Nullum numen abest si sit prudentiaActive and masculine spirits in the vigour of youth neither can nor ought to remain at Prudence supplies the want of every good. rest. If they debar themselves from aiming I have often thought if the minds of men at a noble object, their desires will move were laid open, we should see but little • downwards, and they will feel themselves difference between that of the wise man actuated by some low and abject passion. and that of the fool. There are infinite Thus, if you cut off the top branches of a reveries, numberless extravagances, and a tree, and will not suffer it to grow any perpetual train of vanities which pass higher, it will not therefore cease to grow, through both. The great difference is that but will quickly shoot out at the bottom. the first knows how to pick and cull his The man indeed who goes into the world thoughts for conversation, by suppressing only with the narrow views of self-interest, some and communicating others; whereas who catches at the applause of an idle mul- the other lets them all indifferently fly out titude, as he can find no solid contentment in words. This sort of discretion, howat the end of his journey, so he deserves to ever, has no place in private conversation meet with disappointments in his way: but between intimate friends. On such occahe who is actuated by a nobler principle; sions the wisest men very often talk like whose mind is so far enlarged as to take in the weakest: for indeed the talking with a the prospect of his country's good; who is friend is nothing else but thinking aloud. enamoured with that praise which is one Tully has therefore very justly exposed of the fair attendants of virtue, and values a precept delivered by some ancient wrinot those acclamations which are not se- ters, that a man should live with his enemy conded by the impartial testimony of his in such a manner, as might leave him room own mind; who repines not at the low sta- to become his friend; and with his friend in tion which Providence has at present allot- such a manner, that if he became his eneted him, but yet would willingly advance my, it should not be in his power to hurt himself by justifiable means to a more rising him. The first part of this rule, which and advantageous ground; such a man is regards our behaviour towards an enemy warmed with a generous emulation; it is a is indeed very reasonable, as well as very virtuous movement in him to wish and to prudential; but the latter part of it, which endeavour that his power of doing good may regards our behaviour towards a friend, be equal to his will.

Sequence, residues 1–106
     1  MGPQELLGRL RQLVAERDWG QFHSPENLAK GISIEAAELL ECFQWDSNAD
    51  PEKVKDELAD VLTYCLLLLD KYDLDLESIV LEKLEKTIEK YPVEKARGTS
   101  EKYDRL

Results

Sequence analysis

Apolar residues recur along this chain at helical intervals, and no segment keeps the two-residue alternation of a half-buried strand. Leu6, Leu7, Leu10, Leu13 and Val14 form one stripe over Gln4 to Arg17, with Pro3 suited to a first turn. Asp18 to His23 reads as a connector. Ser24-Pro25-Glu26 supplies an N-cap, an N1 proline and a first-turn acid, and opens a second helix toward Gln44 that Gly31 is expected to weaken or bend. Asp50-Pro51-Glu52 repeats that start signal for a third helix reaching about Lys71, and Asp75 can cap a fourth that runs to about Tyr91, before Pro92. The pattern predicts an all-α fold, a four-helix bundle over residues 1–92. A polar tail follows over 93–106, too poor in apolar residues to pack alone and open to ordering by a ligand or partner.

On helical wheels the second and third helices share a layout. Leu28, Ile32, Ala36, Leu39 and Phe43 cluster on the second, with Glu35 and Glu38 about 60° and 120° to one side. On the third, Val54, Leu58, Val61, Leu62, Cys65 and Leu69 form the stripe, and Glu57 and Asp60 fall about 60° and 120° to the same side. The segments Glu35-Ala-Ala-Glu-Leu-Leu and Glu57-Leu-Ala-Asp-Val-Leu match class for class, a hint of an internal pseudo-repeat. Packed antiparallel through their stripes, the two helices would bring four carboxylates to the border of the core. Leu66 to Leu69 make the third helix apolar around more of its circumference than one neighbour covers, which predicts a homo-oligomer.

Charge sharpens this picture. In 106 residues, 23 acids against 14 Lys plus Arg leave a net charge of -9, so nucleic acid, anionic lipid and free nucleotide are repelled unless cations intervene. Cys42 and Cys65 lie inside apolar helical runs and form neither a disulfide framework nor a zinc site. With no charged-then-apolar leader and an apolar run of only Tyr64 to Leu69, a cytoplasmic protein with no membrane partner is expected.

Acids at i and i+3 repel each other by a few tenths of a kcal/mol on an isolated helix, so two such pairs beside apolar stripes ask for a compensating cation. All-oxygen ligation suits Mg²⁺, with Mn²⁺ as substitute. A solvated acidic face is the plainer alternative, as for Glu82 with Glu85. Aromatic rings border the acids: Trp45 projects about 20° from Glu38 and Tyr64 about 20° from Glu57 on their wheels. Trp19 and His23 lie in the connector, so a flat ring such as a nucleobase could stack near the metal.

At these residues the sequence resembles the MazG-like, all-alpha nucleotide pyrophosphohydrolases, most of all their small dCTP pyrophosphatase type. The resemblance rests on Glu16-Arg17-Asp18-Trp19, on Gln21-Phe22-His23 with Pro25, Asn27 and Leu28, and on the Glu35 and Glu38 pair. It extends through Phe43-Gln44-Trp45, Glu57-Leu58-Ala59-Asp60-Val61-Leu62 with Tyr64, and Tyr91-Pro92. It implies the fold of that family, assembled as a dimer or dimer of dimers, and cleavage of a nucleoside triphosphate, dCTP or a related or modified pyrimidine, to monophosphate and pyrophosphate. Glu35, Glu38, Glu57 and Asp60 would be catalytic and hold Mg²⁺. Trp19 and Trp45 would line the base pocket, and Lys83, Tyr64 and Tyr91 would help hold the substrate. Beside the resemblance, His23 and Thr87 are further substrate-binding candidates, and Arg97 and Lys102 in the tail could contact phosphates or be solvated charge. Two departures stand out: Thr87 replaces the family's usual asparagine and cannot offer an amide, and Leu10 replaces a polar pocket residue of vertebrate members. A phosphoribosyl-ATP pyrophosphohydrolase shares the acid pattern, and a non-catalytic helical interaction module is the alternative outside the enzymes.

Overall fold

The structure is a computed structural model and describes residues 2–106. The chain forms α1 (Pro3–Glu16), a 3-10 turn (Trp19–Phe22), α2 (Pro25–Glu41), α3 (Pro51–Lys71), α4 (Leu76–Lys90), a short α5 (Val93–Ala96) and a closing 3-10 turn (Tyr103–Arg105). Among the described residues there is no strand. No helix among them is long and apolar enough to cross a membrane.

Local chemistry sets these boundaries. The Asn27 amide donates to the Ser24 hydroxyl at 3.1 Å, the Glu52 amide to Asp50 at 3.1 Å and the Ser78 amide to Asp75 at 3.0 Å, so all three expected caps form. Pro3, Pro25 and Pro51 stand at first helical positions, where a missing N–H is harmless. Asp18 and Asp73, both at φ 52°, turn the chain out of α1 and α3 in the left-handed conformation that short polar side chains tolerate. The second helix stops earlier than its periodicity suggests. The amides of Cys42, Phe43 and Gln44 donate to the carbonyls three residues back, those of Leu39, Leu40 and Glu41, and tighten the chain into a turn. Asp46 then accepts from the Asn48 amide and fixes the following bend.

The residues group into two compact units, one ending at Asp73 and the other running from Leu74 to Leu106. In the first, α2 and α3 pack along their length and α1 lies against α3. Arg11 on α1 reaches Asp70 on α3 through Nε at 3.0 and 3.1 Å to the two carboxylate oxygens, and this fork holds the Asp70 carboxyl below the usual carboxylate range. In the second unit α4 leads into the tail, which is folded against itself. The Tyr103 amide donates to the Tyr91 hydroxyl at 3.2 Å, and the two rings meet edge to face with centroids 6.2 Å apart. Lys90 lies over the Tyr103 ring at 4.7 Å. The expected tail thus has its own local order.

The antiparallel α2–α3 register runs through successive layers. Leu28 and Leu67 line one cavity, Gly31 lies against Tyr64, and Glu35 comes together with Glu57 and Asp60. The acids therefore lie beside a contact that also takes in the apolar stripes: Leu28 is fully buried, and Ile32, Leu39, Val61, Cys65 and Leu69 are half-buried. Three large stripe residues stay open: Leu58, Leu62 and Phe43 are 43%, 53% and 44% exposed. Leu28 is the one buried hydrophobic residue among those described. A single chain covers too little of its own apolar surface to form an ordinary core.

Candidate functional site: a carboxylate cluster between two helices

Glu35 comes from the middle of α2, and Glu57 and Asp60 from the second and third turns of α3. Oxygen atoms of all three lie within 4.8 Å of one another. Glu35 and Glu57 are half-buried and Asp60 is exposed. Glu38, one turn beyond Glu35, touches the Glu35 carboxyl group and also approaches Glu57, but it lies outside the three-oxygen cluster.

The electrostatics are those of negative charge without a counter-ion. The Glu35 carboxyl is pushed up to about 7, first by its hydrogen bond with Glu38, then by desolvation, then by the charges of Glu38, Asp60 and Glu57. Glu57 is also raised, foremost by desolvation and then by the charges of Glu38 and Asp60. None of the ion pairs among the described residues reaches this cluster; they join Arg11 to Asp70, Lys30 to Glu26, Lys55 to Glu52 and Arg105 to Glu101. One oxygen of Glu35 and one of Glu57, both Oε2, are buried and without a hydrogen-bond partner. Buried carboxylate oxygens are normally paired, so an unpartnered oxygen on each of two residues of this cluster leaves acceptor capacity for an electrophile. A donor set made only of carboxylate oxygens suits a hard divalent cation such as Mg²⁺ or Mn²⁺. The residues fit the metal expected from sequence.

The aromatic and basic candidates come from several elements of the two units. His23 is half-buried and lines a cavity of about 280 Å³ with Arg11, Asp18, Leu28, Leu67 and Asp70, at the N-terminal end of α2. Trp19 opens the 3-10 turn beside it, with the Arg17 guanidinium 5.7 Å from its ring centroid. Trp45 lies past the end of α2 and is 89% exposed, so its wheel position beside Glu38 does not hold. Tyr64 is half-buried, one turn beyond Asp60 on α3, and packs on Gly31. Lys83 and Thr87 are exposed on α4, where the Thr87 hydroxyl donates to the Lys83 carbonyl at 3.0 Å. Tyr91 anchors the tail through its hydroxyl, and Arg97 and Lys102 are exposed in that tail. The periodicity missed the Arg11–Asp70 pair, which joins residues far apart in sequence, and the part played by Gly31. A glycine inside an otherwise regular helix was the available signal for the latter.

savours more of cunning than of discretion, The man who is fitted out by nature, and and would cut a man off from the greatest sent into the world with great abilities, is pleasures of life, which are the freedoms of capable of doing great good or mischief in conversation with a bosom friend. Besides it. It ought therefore to be the care of that, when a friend is turned into an enemy, education to infuse into the untainted youth and, as the son of Sirach calls him, a early notices of justice and honour, that so bewrayer of secrets,'* the world is just the possible advantages of good parts may enough to accuse the perfidiousness of the not take an evil turn, nor be perverted to friend rather than the indiscretion of the base and unworthy purposes. It is the person who confided in him. business of religion and philosophy not so Discretion does not only show itself in much to extinguish our passions as to words, but in all the circumstances of acregulate and direct them to valuable well- tion, and is like an under-agent of Provichosen objects. When these have pointed dence, to guide and direct us in the ordinary out to us which course we may lawfully concerns of life. steer, it is no harm to set out all our sail;